News

  1. News
  2. 2019
  3. September
  4. City Law School Lecturer co-authors major report on harassment and bullying
News from City, University of London
Judges gavel and scales. Research collaboration.
Politics & Law Series: Announcements

City Law School Lecturer co-authors major report on harassment and bullying

Lynne Townley was involved in preparing the report in her capacity as Chair of the Association of Women Barristers. The launch of the report has been timed to coincide with the Bar Council’s release of an artificial intelligence reporting tool called ‘Talk to Spot’.
by John Stevenson (Senior Communications Officer)

City Law School Lecturer, Lynne Townley, is co-author, along with Her Honour Judge Kaly Kaul QC, of a major report on bullying and harassment at the Bar.

Lynne was involved in her capacity as Chair of the Association of Women Barristers (AWB).

The report details the findings of a roundtable meeting of women barristers  in leadership roles at the Bar who met at the Bar Council at the end of 2018.  Lynne chaired the roundtable and was lead-author on the report, which details key recommendations for change.  

Rife in legal profession

The catalyst for the roundtable was the Bar Council’s Working Lives Survey findings in June 2018, indicating that harassment and bullying were not only prevalent at the Bar, but were on the rise.  

A recent survey undertaken by the International Bar Association also found that bullying and sexual harassment were rife in the legal profession internationally.

The report considers how harassment and bullying affects the profession. The report goes on to make recommendations about what could be done to assist those who have fallen victim to such behaviours.

A number of issues were of particular concern to Barristers, namely:

  • The existence of power imbalances creating vulnerability, eg during pupillage and with instructing solicitors;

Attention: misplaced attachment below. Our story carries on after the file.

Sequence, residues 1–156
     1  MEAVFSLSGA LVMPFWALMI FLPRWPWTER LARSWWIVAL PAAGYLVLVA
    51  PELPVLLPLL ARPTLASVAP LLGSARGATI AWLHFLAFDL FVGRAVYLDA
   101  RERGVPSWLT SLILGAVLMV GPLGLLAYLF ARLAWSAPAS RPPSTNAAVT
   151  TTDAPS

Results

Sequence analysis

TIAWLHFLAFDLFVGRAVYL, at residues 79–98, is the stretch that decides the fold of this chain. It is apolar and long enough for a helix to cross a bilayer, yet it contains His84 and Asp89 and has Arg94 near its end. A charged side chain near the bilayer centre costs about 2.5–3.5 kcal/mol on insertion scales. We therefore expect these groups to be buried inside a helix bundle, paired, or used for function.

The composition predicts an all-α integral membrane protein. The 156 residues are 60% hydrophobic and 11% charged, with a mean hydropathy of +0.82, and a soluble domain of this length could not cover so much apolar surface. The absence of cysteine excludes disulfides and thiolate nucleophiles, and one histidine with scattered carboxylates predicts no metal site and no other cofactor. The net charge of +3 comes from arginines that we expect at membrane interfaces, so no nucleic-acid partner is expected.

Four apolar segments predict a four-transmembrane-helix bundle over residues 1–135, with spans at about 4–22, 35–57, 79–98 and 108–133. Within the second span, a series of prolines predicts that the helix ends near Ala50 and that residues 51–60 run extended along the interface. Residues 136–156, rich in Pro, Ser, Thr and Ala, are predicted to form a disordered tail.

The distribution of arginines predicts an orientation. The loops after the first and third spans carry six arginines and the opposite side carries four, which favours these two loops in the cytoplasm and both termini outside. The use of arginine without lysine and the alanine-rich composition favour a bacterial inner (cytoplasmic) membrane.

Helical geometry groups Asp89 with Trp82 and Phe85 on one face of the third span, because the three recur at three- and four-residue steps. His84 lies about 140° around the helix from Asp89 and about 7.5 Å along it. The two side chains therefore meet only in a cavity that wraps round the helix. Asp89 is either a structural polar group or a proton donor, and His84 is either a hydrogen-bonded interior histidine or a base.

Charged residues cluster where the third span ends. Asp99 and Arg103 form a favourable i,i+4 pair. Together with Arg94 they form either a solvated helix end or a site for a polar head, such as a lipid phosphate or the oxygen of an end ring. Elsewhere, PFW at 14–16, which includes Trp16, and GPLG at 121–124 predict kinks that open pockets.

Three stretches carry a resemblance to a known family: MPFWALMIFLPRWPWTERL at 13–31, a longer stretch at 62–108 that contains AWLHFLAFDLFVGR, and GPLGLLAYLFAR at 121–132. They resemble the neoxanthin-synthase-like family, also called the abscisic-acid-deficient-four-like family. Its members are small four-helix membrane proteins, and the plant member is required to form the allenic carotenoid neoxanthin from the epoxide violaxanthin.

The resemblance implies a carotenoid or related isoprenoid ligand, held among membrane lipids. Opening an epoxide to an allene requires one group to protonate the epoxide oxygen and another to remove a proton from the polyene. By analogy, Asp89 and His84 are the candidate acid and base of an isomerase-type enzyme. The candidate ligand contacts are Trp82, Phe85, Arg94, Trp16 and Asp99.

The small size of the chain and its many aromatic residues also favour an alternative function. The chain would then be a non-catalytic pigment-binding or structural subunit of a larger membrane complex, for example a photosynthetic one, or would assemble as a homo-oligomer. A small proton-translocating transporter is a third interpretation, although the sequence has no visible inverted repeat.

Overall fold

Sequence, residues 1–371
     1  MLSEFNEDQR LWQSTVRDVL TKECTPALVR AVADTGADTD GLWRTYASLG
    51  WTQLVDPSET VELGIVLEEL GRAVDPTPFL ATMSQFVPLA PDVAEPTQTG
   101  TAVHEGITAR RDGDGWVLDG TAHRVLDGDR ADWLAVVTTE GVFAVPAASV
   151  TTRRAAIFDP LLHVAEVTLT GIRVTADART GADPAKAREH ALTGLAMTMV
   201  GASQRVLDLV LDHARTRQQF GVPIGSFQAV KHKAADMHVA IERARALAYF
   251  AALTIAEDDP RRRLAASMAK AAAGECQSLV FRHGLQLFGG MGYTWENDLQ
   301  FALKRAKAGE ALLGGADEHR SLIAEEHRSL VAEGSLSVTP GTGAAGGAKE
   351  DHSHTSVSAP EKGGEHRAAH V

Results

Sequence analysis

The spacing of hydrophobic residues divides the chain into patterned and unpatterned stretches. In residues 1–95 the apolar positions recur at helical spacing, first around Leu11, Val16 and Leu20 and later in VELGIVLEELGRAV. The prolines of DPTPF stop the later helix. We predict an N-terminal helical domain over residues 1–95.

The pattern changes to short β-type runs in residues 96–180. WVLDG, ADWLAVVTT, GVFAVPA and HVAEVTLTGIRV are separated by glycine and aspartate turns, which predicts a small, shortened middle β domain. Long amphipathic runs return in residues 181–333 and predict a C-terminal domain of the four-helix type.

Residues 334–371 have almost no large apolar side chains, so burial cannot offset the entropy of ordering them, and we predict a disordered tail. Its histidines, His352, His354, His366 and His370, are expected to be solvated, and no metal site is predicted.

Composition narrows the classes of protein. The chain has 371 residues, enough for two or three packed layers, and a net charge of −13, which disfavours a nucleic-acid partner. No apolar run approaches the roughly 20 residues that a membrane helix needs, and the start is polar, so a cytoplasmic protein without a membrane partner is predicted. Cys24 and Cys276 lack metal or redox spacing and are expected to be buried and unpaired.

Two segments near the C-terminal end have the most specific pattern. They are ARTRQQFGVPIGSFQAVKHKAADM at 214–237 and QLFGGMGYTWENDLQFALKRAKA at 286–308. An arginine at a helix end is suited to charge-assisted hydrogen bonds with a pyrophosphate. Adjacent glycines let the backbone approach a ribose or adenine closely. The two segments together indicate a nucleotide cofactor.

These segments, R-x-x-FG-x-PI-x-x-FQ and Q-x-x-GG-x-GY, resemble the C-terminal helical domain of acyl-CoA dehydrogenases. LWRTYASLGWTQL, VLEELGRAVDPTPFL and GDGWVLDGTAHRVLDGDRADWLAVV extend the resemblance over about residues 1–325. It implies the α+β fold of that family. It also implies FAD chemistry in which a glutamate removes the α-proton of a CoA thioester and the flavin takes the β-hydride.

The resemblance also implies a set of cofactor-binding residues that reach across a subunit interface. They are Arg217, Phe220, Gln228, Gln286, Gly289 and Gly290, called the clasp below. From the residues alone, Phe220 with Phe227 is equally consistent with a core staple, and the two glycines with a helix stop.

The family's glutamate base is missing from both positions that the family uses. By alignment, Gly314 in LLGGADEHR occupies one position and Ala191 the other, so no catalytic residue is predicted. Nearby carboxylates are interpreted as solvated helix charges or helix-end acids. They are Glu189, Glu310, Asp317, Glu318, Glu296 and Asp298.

• Unequal treatment around the distribution of work;
  • Inappropriate behaviour in robing rooms and Bar Messes;
  • Barristers being bullied by other barristers and a lack of awareness of the effects of bullying amongst some  barristers;
  • The existence of a culture of fear around reporting bullying/harassment and gender stereotyping.

The report goes on to suggest a number of  key indicators for change, including: taking steps to change the kind of attitudes and dialogue that allow inappropriate behaviour to flourish; the introduction of better codes of practice and policies; specialist training, and making available long-term support for those who have experienced/reported incidents of harassment and/or bullying.

The report's launch has been timed to coincide with the Bar Council’s release of an artificial intelligence reporting tool, ‘Talk to Spot’. The Bar Council has partnered with Spot.com, to support members of the profession who are victims of, or witnesses to , discrimination, harassment or bullying – either by other members of the profession or by solicitors, judges or others.  

Spot is a web-based application and it is hoped that it will prompt barristers to record meaningful and pertinent information about their experience. No one (not even the Spot team or the Bar Council) will see what the barrister discusses with Spot unless they decide to submit a report (and even then it can be anonymous).  

The AWB will be working closely with the Bar Council in the coming months to promote and help build confidence in the use of the ‘Talk to Spot’ tool.

Read the full report.

Tags , , , , ,
Join the conversation #LynneTownley#AssociationofWomenBarristers#CityLawSchool#BarCouncil#BullyingandHarassment#Barristers
Share this article